After losing 8 million viewers last year during one CSI premiere, Anthony Zuiker knew the internet would kill the hit series if he didn't act fast. One of the smarter TV execs, Zuiker decided to start engaging viewers on other platforms aside from the living room TV set, coming up with a model called Cross Blending Storytelling. Zuiker discussed the new viewer engagement model at the National Association of Broadcasters conference in Las Vegas yesterday, part of his ultimate plan, he says, to bring eyeballs back to the TV. And preferably CSI.
Zuiker's new Cross Blending Storytelling approach involves moving the shows storyline across media boundaries from the "television to the Web to mobile to gaming and back to television", avoiding what he says will be the inevitable dominance of the laptop for TV viewing. Not only does Zuiker figure his method will bring viewers back to the tube, but the ability to monetize all four platforms will make up for any TV dollars lost. Somehow we don't think the monetization potential of the web and mobile is strong enough to make up for lost television dollars, but a proper use of the gaming medium definitely could.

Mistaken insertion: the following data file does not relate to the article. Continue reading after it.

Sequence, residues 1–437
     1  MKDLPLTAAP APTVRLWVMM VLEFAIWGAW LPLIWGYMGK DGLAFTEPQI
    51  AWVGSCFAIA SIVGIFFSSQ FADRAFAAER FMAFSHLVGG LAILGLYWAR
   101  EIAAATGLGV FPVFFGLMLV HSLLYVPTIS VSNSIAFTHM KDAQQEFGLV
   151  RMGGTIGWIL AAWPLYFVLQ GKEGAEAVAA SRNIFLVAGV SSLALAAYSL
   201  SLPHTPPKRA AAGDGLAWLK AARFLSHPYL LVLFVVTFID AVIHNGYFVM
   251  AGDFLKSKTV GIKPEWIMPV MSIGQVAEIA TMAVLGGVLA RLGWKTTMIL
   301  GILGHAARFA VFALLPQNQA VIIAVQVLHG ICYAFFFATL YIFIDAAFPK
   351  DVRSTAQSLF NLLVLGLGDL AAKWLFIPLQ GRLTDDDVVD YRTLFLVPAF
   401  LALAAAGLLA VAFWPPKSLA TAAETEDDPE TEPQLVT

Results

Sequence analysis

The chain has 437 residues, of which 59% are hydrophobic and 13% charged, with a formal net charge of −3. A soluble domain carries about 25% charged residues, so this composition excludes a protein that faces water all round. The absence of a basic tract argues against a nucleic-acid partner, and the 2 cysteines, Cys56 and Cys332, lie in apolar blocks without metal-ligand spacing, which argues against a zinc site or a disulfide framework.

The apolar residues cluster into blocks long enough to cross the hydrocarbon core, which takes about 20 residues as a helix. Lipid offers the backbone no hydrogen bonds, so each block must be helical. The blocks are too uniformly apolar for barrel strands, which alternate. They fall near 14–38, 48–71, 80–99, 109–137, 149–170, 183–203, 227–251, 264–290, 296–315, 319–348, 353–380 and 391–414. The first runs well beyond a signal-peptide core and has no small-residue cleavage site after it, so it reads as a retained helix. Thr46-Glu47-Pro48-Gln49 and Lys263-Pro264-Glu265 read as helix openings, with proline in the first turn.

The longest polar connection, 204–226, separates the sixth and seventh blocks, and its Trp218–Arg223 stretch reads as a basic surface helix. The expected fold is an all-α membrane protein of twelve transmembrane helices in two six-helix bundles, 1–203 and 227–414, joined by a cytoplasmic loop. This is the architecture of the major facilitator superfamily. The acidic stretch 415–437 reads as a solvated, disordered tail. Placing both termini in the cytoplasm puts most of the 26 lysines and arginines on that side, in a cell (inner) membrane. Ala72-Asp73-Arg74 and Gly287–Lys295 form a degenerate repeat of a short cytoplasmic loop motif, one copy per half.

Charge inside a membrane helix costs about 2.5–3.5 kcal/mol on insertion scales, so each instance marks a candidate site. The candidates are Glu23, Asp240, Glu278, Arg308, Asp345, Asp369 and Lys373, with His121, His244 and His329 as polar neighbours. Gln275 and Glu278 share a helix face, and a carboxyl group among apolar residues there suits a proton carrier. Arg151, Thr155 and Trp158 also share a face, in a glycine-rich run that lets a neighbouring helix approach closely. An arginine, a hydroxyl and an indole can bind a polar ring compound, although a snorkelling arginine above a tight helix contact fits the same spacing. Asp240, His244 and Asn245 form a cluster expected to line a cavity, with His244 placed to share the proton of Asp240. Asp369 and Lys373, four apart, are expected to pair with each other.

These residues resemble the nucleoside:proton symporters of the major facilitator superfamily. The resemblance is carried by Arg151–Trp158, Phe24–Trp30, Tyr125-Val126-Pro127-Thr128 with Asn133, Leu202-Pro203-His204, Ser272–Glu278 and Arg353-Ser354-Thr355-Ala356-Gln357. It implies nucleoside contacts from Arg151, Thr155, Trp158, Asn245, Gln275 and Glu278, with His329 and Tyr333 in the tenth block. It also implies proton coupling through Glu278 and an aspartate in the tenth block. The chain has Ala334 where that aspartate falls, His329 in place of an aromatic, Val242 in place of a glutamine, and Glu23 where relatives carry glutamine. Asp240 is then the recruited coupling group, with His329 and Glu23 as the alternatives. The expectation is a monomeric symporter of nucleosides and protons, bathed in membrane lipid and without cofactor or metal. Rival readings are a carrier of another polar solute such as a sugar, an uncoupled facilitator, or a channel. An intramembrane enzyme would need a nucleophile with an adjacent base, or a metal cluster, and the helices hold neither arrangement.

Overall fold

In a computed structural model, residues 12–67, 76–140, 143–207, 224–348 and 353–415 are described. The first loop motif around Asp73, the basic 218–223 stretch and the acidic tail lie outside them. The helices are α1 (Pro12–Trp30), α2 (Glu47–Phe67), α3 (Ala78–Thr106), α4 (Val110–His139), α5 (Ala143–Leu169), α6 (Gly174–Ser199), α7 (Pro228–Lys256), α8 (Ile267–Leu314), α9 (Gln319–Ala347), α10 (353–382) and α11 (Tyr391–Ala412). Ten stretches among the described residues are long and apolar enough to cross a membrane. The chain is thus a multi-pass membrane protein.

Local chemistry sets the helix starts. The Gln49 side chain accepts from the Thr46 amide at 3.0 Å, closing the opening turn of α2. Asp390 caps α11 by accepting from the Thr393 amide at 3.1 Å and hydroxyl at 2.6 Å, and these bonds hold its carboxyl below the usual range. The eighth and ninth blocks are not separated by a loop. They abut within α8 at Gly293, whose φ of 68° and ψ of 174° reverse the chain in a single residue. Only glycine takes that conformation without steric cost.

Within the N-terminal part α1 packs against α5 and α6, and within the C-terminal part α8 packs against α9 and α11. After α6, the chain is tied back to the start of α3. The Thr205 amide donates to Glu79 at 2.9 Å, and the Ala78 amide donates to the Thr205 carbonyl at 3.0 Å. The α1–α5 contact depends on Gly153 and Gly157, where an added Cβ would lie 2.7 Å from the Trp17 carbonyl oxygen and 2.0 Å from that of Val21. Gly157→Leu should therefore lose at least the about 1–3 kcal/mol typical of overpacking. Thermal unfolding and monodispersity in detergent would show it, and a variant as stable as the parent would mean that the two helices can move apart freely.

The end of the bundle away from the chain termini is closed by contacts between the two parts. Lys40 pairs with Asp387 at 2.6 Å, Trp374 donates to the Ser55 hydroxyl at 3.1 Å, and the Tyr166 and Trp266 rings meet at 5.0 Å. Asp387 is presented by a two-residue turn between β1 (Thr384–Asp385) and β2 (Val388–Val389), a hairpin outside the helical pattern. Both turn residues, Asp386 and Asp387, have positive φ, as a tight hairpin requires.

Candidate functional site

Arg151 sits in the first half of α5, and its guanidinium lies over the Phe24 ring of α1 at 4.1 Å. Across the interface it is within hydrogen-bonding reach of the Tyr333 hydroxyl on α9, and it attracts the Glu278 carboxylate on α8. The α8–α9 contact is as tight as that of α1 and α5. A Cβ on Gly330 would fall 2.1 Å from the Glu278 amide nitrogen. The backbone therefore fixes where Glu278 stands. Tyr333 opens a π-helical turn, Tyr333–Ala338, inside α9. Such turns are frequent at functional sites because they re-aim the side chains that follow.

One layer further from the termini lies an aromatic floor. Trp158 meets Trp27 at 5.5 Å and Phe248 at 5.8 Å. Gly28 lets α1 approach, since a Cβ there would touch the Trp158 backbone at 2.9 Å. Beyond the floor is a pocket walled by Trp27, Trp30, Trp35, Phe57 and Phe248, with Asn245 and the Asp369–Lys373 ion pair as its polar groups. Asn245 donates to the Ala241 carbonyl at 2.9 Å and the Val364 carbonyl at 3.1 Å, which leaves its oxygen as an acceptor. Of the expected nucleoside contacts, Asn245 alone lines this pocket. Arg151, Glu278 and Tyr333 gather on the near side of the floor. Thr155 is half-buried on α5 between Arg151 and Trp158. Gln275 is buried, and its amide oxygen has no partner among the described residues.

Whether or not Zuiker can manage to turn the tides of evolution in the television world remains to be seen, but one thing is for sure-even he acknowledges the"days of just watching a show from 9-10 (p.m.) are over...it's all going to change."